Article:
Most common cherry tree varieties

Somei Yoshino (Yoshino Cherry)

Average blooming period in Tokyo: early April
Cultivated during the Edo Period in Tokyo, the Somei Yoshino is by far the most numerous cherry tree in Japan. Somei Yoshino trees come with slightly pink, almost white, 5-petaled blossoms. Their appearance is particularly intense thanks in part to the fact that their fresh leaves do not emerge until after the peak of the flowering season.


Average blooming period in Tokyo: early April
The yamazakura is the most common cherry tree variety of Japan that actually grows wildly in nature as opposed to cultivars such as the Somei Yoshino. Its blossoms are slightly pink and have five, relatively small petals. The Yamazakura's fresh leaves develop at the same time as the blossoms, giving the tree a somewhat less intense look than the Somei Yoshino.

Shidarezakura (Weeping Cherry)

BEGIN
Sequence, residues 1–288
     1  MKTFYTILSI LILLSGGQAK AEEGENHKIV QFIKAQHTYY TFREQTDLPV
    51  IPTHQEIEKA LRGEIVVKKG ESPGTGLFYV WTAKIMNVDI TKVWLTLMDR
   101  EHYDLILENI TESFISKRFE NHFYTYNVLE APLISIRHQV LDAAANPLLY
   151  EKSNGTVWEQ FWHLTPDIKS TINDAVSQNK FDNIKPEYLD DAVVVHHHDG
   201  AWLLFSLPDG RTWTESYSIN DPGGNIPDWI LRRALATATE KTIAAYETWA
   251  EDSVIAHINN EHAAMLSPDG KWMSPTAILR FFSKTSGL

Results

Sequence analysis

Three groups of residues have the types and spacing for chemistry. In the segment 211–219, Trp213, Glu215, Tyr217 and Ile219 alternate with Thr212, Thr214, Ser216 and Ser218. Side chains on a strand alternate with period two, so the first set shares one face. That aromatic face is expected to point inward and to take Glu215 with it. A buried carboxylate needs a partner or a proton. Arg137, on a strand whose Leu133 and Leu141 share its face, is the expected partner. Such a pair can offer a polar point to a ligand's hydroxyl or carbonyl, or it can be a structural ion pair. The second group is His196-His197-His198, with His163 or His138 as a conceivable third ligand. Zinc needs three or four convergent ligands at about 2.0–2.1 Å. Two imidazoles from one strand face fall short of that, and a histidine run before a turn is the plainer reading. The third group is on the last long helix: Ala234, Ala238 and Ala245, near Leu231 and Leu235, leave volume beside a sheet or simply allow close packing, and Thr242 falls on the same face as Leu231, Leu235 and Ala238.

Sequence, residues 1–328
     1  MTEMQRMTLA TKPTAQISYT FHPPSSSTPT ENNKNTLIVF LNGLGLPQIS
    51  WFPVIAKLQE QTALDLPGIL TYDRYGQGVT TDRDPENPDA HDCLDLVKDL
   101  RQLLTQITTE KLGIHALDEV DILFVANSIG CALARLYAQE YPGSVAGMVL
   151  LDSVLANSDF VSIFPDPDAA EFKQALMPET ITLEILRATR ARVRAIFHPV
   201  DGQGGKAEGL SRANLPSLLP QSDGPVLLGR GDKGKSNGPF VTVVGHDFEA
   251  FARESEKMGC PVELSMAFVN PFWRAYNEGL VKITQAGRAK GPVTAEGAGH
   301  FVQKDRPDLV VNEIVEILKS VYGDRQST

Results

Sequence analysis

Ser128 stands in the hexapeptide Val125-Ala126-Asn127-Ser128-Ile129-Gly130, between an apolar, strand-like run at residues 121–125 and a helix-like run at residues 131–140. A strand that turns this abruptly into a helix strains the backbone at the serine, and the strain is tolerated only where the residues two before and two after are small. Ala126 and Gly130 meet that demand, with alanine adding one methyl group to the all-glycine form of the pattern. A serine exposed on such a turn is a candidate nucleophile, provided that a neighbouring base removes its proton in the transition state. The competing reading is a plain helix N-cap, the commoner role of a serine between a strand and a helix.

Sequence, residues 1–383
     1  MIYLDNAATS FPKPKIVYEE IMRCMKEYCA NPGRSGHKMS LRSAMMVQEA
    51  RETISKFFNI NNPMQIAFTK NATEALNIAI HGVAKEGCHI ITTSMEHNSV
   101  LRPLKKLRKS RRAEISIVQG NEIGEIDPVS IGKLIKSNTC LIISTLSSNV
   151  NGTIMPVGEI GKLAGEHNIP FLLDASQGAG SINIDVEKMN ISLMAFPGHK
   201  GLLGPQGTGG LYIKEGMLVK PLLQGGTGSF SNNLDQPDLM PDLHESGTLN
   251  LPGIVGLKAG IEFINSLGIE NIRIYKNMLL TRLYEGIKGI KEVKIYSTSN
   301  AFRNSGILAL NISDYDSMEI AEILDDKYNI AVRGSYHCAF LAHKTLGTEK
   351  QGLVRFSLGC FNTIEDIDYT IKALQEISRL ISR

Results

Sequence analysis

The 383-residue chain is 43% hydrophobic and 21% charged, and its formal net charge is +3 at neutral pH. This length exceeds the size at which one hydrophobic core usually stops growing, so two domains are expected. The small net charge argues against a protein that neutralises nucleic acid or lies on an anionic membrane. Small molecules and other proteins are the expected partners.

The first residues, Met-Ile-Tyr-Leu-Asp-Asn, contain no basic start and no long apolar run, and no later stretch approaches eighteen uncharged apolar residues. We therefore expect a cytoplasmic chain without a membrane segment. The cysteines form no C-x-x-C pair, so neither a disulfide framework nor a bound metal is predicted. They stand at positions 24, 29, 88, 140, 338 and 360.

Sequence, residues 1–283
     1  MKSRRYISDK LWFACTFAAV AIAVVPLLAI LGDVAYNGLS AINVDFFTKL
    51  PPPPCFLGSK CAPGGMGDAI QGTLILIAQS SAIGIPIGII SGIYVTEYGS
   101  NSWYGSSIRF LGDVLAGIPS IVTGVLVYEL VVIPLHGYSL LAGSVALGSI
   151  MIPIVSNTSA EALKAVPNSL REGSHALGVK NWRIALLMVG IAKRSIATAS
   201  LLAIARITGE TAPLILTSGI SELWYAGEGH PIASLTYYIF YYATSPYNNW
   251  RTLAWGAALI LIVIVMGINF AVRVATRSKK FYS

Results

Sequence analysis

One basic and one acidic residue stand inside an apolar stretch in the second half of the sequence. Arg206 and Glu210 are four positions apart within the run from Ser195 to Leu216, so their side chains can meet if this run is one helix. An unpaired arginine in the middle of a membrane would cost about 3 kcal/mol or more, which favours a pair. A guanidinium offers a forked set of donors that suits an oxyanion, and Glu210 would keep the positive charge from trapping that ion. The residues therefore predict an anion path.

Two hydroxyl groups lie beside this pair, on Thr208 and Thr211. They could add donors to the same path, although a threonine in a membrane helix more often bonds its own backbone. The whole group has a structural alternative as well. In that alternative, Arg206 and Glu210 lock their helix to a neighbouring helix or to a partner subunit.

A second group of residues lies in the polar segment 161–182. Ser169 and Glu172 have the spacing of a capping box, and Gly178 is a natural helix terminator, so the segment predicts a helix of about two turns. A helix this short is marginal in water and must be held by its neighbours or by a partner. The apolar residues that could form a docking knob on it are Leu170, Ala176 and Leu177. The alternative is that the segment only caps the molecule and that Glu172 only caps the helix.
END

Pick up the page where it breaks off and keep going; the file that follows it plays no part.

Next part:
Average blooming period in Tokyo: early April
Weeping cherry trees have drooping branches and are among the most common and beloved cherry trees in Japan. There are two types: trees with blossoms of five petals and trees with blossoms of more than five petals. The latter are called Yaeshidarezakura and bloom about a week later than the 5-petaled ones.

Some early flowering cherry tree varieties


Average blooming period in Tokyo: late February to mid March
The Kanzakura is among the first cherry trees to bloom. It is encountered only in relatively small numbers in some city parks where they surprise and delight visitors with their early blooming schedule.


Average blooming period in Tokyo: mid March
Named after Kawazu Town on the Izu Peninsula, where the tree variety was originally cultivated, the Kawazuzakura is among the earliest flowering cherry trees. Large numbers of them bloom during the cherry blossom festival in Kawazu which is held annually in late February and early March. The tree is less common in other parts of Japan.


Average blooming period in Tokyo: mid to late March